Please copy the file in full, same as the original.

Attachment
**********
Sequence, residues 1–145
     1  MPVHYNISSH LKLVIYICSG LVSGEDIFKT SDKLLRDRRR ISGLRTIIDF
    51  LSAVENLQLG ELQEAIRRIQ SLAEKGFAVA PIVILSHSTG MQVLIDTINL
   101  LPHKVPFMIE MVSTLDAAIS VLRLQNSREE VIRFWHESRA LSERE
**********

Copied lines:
Sequence, residues 1–145
     1  MPVHYNISSH LKLVIYICSG LVSGEDIFKT SDKLLRDRRR ISGLRTIIDF
    51  LSAVENLQLG ELQEAIRRIQ SLAEKGFAVA PIVILSHSTG MQVLIDTINL
   101  LPHKVPFMIE MVSTLDAAIS VLRLQNSREE VIRFWHESRA LSERE